Glance out the corner of your eyes without turning your head when marching. Can be very difficult as a large auteration by you can cause the line to curve as others adjust to your move a bit like breaking on the motorway with the ripple effect. It can be a real bugger when slow marking and your toe catches the ground. When in line and standing still the line is dressed from the right and normally you are looking for toes in line (toe the line). There is a drill movement to size the company so that the tall are on the flanks adn the dwarfs like me are in the middle.
 

AlienFTM

MIA
Book Reviewer
#10
You call wah, I call boring after so many weak attempts down the years to cover up a lack of knowledge of traditional army headdress that gets boring very quickly.

I call BORING and UNFUNNY.
 
#11
I did a couple of parades which included the Advance in Review Order (ie the long line):

IIRC it's something like "Company will Advance, Left (or right) Turn" which brings the company into a three rank line from the usual three file column.

The marker has to keep the pace steady while everyone dresses on the person to their right (or left, depending on wetherit will be an eyes left or right). It is tricky and the line has a tendency to bend in and out while on the move. You do need to practice it though.

Two hundred years ago it is how the infantry advanced into battle...


 
#12
You call wah, I call boring after so many weak attempts down the years to cover up a lack of knowledge of traditional army headdress that gets boring very quickly.

I call BORING and UNFUNNY.
You forgot to poke your tongue out.
 
#13
As if a foot guard would know the first thing about drill in a busby, busby being an item of hussar headdress, unlike the guards' bearskin.
As if a Hussar would know to capitalise there own nomenclature. <smiley face with a wink, my emoticon thing isn't working.>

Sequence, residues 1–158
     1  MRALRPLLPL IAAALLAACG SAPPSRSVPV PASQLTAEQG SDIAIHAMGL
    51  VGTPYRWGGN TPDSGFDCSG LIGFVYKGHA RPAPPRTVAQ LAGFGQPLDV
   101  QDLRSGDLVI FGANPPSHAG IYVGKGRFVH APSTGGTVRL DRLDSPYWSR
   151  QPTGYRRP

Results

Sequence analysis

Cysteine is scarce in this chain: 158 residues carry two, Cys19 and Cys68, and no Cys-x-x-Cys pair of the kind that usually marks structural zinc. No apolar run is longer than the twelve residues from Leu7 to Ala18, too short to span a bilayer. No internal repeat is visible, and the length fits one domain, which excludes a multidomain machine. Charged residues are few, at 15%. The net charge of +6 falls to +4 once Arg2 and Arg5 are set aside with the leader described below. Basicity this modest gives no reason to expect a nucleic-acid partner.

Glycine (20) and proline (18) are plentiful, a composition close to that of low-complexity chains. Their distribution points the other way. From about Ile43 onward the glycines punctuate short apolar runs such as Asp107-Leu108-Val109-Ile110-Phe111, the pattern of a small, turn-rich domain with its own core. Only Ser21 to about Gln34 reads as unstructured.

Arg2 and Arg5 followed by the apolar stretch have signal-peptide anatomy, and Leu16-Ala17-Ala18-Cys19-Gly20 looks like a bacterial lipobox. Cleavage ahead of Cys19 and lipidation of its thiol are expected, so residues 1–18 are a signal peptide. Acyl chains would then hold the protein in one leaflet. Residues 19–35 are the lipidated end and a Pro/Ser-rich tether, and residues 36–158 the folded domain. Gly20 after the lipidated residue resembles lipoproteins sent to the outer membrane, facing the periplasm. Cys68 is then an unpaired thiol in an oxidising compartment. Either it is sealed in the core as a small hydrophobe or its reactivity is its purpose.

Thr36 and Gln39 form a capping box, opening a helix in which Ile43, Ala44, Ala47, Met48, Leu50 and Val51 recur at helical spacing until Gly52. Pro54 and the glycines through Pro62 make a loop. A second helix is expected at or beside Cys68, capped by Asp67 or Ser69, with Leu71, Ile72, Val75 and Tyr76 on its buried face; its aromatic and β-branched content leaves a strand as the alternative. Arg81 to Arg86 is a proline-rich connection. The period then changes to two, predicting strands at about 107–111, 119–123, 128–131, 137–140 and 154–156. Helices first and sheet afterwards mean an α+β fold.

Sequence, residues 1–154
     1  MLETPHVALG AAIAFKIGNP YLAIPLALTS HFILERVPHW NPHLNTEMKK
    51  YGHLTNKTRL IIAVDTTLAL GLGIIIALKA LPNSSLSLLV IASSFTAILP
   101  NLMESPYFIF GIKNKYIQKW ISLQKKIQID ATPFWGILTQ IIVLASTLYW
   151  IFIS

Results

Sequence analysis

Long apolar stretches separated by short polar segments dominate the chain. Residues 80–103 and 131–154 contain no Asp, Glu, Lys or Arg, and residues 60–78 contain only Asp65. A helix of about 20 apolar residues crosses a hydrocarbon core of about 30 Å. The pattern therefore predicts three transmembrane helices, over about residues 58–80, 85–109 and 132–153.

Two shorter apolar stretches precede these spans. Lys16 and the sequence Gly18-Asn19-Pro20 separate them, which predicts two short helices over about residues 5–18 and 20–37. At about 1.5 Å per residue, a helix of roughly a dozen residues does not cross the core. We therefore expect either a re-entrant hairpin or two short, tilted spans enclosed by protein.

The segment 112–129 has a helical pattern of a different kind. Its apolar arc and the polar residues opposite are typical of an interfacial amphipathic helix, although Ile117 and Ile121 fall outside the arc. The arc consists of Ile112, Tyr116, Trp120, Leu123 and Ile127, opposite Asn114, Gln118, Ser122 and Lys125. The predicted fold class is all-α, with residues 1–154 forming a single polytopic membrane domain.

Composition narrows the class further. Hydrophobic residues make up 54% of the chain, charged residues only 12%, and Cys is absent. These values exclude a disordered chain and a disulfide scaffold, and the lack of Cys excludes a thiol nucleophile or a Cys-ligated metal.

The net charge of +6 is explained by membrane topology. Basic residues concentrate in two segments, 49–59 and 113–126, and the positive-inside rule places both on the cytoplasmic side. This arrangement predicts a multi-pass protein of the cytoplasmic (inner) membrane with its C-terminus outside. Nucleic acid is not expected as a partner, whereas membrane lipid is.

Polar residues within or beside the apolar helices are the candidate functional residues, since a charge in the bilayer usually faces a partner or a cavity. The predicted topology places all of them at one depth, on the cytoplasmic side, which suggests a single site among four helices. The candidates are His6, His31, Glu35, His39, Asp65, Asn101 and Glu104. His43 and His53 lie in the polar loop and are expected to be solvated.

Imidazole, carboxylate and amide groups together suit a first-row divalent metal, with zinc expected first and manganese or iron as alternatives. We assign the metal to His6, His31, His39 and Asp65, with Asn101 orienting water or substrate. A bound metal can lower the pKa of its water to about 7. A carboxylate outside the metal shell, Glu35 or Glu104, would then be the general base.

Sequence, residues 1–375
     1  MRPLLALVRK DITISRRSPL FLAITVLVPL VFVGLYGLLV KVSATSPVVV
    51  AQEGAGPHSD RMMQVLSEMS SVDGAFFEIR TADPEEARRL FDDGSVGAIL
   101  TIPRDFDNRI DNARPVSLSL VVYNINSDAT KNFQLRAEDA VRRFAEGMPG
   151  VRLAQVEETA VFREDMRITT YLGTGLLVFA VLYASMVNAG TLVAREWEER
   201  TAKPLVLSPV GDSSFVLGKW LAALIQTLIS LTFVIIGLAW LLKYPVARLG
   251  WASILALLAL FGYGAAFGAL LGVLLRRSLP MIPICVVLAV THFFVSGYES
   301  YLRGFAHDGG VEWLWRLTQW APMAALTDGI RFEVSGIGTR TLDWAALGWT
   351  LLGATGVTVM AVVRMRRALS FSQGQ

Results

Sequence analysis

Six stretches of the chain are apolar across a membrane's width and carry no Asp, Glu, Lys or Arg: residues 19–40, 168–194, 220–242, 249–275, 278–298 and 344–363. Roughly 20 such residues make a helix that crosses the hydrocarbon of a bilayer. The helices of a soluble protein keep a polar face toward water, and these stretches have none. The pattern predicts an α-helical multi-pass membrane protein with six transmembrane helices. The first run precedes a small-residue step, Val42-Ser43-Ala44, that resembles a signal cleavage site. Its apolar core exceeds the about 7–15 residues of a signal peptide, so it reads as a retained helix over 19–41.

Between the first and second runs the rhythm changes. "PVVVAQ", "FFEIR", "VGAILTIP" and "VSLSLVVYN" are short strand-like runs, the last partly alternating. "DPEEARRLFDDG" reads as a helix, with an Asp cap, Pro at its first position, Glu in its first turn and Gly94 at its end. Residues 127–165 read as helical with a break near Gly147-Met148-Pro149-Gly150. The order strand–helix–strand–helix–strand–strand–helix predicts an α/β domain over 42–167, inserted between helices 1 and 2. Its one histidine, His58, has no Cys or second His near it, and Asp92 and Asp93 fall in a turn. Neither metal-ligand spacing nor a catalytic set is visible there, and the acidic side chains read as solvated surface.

;) It's working again. Yay!
 
#16
You have no idea how difficult it is to march about stamping and shouting loudly whilst wearing a heavy tunic and a wicker covered bearskin and keep everything all squared up and yet you don't think it's straight enough as an ex wooden top I would be happy to drop by pull your underwear over your head and punch really hard in the middle of the face until you knew better.
I hope this has been helpful
 
#17
What reason would they need to be in exact parallel 'lines'?

You mentioned US, China, they have made up show drill. The Drill movements you see on the Trooping are real and have been done for the last 300 years of the British Army. That's why it looks good and real.
 
#18
You have no idea how difficult it is to march about stamping and shouting loudly whilst wearing a heavy tunic and a wicker covered bearskin and keep everything all squared up and yet you don't think it's straight enough as an ex wooden top I would be happy to drop by pull your underwear over your head and punch really hard in the middle of the face until you knew better.
I hope this has been helpful
Said with feeling.

( I'm still shaking with laughter )
 
#19
Not Regt. but have done ceremonial. Was always told to glance sideways and look for the tip of the chin of the guy next door but one.
 
#20
Wearing a feather bonnet with tails hanging down and swaying back and forth was always a treat whilst trying to keep proper dressing.